Always read the terms of use, or licence restrictions for any resource you decide to copy or reuse.

All Materials Types

  • Creative Commons Search - Allows you to search a number of websites for material licensed under Creative Commons.
  • Google Advanced Search - You can restrict your searches to content licensed for reuse, by selecting from the usage rights field.
  • EUscreen - Offers free online access to videos, stills, texts and audio from European broadcasters and audiovisual archives. Explore selected content from early 1900s until today.
  • Wikimedia Commons – Images, sounds and videos to which anyone can contribute

Open Educational Resources

  • Jorum – “Free learning and teaching resources, created and contributed by teaching staff from UK Further and Higher Education Institutions”
  • Xpert – Search for open learning resources with 120,000 learning objects from over 8000 providers. Offers a facility to search for Creative Commons images, and automatically embeds terms and attribution.
  • OER Dynamic Search Engine – A wiki page of OER sites with accompanied search engine (powered by Google Custom Search)
  • University Learning = OCW+OER = Free custom search engine - A meta-search engine incorporating many different OER repositories (uses Google Custom Search)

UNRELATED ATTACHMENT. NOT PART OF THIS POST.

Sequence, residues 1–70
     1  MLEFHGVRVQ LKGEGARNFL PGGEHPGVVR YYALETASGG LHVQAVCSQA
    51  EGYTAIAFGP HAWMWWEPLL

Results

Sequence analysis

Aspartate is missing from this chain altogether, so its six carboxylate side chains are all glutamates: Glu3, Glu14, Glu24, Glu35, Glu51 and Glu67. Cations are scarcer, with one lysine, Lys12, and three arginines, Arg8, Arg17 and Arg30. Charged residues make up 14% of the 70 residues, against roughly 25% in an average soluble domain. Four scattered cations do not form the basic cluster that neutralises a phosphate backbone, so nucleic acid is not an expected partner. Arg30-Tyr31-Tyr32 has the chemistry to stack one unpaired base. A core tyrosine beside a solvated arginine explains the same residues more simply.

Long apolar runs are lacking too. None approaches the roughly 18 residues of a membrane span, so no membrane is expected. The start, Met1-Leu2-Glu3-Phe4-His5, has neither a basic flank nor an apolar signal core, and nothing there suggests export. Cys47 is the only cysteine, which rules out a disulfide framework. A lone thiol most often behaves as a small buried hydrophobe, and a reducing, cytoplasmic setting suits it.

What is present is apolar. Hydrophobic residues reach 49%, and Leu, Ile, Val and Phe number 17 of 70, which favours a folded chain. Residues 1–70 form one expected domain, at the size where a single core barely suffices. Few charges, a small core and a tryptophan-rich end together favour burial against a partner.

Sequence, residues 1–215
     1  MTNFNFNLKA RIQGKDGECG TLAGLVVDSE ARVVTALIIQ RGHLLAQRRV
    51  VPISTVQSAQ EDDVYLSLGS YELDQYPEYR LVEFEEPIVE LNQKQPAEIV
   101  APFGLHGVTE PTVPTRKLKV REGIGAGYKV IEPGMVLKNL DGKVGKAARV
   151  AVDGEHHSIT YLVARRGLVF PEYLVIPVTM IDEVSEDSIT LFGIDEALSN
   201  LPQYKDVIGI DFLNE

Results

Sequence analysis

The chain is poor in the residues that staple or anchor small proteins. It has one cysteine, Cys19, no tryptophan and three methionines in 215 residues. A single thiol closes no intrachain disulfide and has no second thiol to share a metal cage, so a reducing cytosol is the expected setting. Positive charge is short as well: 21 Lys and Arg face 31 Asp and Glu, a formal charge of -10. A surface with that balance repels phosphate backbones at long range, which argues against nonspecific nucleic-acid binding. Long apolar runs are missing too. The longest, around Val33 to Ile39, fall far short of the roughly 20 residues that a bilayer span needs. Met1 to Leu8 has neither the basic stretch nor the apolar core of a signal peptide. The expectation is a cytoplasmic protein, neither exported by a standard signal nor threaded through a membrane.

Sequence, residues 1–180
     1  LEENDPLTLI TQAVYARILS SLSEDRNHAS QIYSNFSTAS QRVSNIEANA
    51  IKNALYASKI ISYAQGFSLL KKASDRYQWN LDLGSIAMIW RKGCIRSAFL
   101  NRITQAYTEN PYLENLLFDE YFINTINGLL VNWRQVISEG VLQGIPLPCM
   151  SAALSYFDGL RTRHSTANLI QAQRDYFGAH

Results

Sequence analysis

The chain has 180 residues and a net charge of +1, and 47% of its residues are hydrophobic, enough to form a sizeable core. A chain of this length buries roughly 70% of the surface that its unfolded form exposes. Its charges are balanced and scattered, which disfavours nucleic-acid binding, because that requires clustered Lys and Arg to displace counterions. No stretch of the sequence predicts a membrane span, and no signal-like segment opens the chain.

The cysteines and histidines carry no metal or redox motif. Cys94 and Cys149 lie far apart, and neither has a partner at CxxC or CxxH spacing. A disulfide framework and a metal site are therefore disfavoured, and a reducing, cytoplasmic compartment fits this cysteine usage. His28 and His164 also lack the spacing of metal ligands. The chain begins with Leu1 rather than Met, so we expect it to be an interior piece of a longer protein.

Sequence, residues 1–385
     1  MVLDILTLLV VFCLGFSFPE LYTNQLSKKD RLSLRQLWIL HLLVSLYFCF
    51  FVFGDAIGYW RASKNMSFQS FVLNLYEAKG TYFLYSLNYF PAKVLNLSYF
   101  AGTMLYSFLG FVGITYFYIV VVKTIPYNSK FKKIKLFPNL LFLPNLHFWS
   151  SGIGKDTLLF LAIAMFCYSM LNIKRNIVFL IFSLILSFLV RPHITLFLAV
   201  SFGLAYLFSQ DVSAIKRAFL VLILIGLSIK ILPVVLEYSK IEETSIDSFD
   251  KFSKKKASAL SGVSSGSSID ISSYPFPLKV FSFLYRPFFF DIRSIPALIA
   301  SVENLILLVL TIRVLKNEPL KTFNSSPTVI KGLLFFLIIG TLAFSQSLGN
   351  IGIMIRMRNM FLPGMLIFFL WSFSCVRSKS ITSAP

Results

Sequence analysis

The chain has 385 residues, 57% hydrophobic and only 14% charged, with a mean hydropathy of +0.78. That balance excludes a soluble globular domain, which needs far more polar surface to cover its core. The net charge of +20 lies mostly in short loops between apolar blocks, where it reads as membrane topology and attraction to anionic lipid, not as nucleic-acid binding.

There are many websites offering images under Creative Commons licences, for example:

  • CC Search is a tool that allows openly licensed and public domain works to be discovered and used by everyone. Creative Commons, the non-profit behind CC Search, is the maker of the CC licenses. CC Search searches across more than 300 million images.
  • Pixabay allows the sharing of copyright free images and videos by creators. All contents are released under the Pixabay License, which allows use without asking for permission or giving credit to the artist. Check the Pixabay licence and FAQs to see what is allowed.
  • Flickr – Search and browse images available under different Creative Commons licences.
  • The Commons – A Flickr project to make images in public collections and institutions that have no known copyright restrictions
  • FreeImages – Lots of free images in various galleries
  • VADs – Visual arts collections comprising over 100,000 images that are freely available and copyright cleared for use in learning, teaching and research in the UK
  • MorgueFile - Access to some free reference images.
  • Xpert – Search for open learning resources with 120,000 learning objects from over 8000 providers. Offers a facility to search for Creative Commons images, and automatically embeds terms and attribution.

Also see our Images page.



  • Free Music Archive - music available under Creative Commons and other licences
  • Jamendo - music available under Creative Commons licences.
  • dig.ccmixter – music available under Creative Commons licences for download and remixing